It seems I am three degrees of separation from a composer who is having a CD release event at a classy downtown Boston gallery next week (actually, Back Bay rather than downtown, for locals) and needed someone to play the shofar at it. That’s going to be me.
Any musical instrument gives you the option of just picking it up and making sounds or first thinking about that particular instrument, that kind of instrument, its history and cultural connotations, and then making sounds. I’m not sure, but I suspect that the sounds are much more likely to be music if you think first.
The shofar (and there’s a picture of one on one of those links) is one of the world’s oldest musical instruments. It’s the reason musical instruments called “horns” are called horns; it’s just an animal horn with the end cut off to form a mouthpiece. Shofars were used as signaling devices on the battlefields of the ancient Near East at least three or four thousand years ago, the way bugles were in the Civil War. For the last two thousand years, pretty much their only use has been as part of the observance of the Jewish New Year.
“Kavanah” is a crucial Hebrew word which is pretty much like concentration, intention, attention, and mindfulness. It’s what you want in someone who is leading a religious service — thinking about what you’re saying and meaning it, not just repeating the prayer for the five hundredth time. It’s also that better option for playing a musical instrument. It’s particularly important for shofar, which only has a few notes, fewer than a bugle, and depends on something other than what notes you play to be interesting.
To play shofar, you have to work backwards, through all the times you’ve heard the Rabbi preach things like, “The shofar calls us to repentance at this season of the new year” and “The shofar is our wake-up call to get back to the work of tikkun olam, improving the world”. You need to make that clear in the sound! A little farther back, you have to remember all of Jewish history and how the shofar has been sounding in religious services for over two thousand years, and get all the wanderings of the Jewish people in there. Going back to Talmudic and Biblical times, you remember how many references there are to the shofar in ancient texts (and lest the shofar player has forgotten, a large section of the traditional New Years service is composed of Biblical verses about shofar.) Just check out the best known mention of shofar in the Bible, Joshua 6:4-20, to get an idea. If you’ve never heard a shofar, how well can you understand those verses? Unless you’re aware of them, what makes you think your sound has any content? Then you think of how those verses got there, and all the ancient battlefields where the shofar was the signal to charge, to regroup, or to retreat if necessary. There must have been many people who would get flashbacks of battle, post-traumatic stress, whenever they heard the shofar. You can imagine a grizzled veteran at the time of King David saying, “forty years later, and whenever I hear that I still look over my shoulder to see if the Midianites are chasing me.” When you’re playing shofar, you want a sound that would do that to that guy if he were around to hear it.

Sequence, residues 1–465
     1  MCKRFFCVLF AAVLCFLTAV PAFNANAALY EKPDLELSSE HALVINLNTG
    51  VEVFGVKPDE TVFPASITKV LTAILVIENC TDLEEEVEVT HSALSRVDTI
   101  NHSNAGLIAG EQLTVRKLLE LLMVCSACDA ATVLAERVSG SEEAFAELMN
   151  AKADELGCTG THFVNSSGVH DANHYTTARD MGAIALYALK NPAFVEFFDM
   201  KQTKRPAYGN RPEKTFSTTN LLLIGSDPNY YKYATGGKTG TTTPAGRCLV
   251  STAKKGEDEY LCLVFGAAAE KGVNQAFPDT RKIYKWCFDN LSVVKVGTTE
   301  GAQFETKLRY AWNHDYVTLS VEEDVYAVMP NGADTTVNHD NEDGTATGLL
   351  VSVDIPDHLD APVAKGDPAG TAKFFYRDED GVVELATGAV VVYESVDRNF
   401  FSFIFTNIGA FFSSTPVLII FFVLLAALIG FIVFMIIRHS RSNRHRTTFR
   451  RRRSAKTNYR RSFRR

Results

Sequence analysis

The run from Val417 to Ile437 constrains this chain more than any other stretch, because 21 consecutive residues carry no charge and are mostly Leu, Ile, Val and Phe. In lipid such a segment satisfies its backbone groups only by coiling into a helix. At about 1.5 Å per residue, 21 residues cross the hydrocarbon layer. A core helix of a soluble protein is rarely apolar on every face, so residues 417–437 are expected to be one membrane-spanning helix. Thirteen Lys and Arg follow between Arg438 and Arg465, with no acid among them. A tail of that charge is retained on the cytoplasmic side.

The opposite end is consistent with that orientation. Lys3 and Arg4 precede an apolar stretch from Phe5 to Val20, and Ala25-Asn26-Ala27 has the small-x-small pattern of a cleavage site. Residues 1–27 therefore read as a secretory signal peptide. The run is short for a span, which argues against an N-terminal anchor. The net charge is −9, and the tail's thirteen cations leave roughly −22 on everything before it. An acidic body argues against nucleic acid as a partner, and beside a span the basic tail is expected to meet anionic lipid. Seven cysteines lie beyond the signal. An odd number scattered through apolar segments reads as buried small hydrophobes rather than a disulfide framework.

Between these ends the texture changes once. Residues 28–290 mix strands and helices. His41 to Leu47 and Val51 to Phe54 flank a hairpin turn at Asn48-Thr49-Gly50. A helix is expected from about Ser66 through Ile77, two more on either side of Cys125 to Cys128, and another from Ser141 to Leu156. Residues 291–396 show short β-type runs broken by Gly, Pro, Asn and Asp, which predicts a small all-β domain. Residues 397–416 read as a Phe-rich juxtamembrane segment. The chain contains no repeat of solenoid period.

There’s one more interested party to consider: the animal who grew the horn in the first place. It deserves to be treated with due respect. According to the Bible, when Abraham didn’t sacrifice Isaac, he found a ram caught by the horns in a nearby bush and sacrificed it instead. According to Jewish legend, one of the horns of that ram is the shofar that will be sounded to announce the last judgement. Well, really, all that has to do with how I play shofar is to show that there is an awareness of the animal through shofar tradition. Sometimes when there’s a lot of saliva in my shofar mouthpiece I can get a faint whiff that reminds me of old-fashioned carpenter’s hide glue. At first that was off-putting, but now I remember that it’s the animal asserting its part of the process and letting me know that the sound is a tribute to it, too.